A variable term in NARS does not name a concept, and its name is local to a statement. Variable terms can be used to separate extensional and intensional evidence, as well as to indicate the existence of positive evidence.
[There are 8 basic forms of variable-involved statement, corresponding to the distinctions extensional-intensional, positive-negative, and having-lacking. The extensional cases are similar to the 4 figures in Aristotle's Syllogistic (A-E-I-O). The square of opposition represents immediate inference rules in IL. Also, there are rules based on the symmetry of I and E. It is possible to make IL partially isomorphic to Aristotle's Syllogistic, though this approach is not taken for the sake of simplicity.]
Variable related inference include
A variable term is a symbol that represents a constant term. It can be grounded on the latter via variable elimination. Similarly, abstract notions can be introduced or created, without grounding into empirical experience. Instead, formal models or axiomatic theories are built around these notions, with binary deductive rules. Inference within the theory is theorem proving.
When such a formal model is applied to a practical problem, model-theoretic semantics is applied to provide an interpretation to map the abstract notions into concrete concepts, so as to get derived conclusions efficiently. The notions in an formal model are "symbols" whose meaning depends on the interpretation. This is not the case for the ordinary terms in the system.
NAL can use acquired relations like define and represent to learn (or create) a language, and to relate it to its empirical concepts, respectively. NARS can emulate an arbitrary logic, by representing its truth-values and propositions as terms, and its inference rules as implication statements.
[Production systems like Soar can also implement arbitrary inference rules, though NARS is different from these systems, given its other inference rules, memory structure, and control mechanism.]NARS uses a similar idea to handle natural language. Some preliminary results are discussed in this paper.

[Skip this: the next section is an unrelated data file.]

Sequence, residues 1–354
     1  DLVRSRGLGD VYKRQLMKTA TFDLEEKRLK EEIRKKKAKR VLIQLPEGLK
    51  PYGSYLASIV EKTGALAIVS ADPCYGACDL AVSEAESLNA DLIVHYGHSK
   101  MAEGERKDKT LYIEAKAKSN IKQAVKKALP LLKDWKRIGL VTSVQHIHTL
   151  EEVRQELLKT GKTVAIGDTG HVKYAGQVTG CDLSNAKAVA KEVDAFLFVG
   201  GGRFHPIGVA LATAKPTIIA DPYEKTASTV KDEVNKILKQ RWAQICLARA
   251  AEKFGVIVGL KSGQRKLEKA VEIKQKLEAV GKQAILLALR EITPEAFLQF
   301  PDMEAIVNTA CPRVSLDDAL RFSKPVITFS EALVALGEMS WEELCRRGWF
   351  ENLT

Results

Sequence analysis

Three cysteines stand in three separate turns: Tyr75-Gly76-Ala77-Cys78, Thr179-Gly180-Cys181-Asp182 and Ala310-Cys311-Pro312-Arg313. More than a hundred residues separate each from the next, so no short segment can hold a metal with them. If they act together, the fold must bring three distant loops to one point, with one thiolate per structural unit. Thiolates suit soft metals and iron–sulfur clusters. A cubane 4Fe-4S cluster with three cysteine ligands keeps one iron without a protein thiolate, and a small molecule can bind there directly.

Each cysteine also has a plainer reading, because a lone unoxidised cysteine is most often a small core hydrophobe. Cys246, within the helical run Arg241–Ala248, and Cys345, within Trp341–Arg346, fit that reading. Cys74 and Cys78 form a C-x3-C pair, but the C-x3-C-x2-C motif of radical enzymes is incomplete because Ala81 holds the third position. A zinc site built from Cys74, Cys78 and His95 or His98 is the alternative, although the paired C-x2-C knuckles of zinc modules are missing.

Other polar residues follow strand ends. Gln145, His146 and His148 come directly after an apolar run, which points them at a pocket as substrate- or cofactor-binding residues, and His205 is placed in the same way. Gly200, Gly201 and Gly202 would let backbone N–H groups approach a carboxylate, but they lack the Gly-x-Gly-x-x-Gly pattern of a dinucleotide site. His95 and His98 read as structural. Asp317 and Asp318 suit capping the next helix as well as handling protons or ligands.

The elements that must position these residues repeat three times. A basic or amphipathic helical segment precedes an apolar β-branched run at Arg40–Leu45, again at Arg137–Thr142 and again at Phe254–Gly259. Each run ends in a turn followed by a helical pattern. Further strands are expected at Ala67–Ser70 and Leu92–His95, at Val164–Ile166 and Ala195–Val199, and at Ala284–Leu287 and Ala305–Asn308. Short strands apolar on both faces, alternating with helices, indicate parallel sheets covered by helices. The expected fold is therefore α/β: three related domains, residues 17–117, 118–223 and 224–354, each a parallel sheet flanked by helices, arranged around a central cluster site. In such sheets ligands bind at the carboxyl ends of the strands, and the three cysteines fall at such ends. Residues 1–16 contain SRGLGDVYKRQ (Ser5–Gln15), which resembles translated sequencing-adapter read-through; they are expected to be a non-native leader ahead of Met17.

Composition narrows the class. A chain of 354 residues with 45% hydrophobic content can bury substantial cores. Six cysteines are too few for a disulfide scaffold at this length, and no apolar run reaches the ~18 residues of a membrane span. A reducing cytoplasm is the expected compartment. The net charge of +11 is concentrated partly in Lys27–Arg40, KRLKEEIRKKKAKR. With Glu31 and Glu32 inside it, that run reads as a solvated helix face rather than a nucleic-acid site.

[The ability of formal inference is related to Piaget's notion of "formal operation".]
[The analytic vs. empirical distinction can be re-established in this way. It is related to modal logic and possible-world theory. In NARS, "analytic" is with respect to a set of assumptions made in an abstract theory, while "empirical" is with respect to the system's experience.]
IL-6 is comparable with Syllogistic and FOL.
Key differences between IL-6 and classical term logic:
Key differences between IL-6 and classical predicate logic:
IL gets ideas from set theory, propositional logic, and predicate logic.
Description logic can be seen as a combination of set theory and predicate logic, though not very deep.
NAL is built by fitting IL onto AIKR, with multi-strategy inference, both strong (deductive) and weak (non-deductive).
Many previous discussions on rationality take classical logics and probability theory as normative models with universal authority. The same happens to the psychological study of human reasoning.
Peirce initially introduced the deduction-induction-abduction trio in term logic at the inference rule level, though later use the terms informally at the inference process level, aimed at the cognitive functions. Now they are usually formalized in predicate logic, so the rules become under-specified.
After all, the differences from NAL and other logics come from AIKR.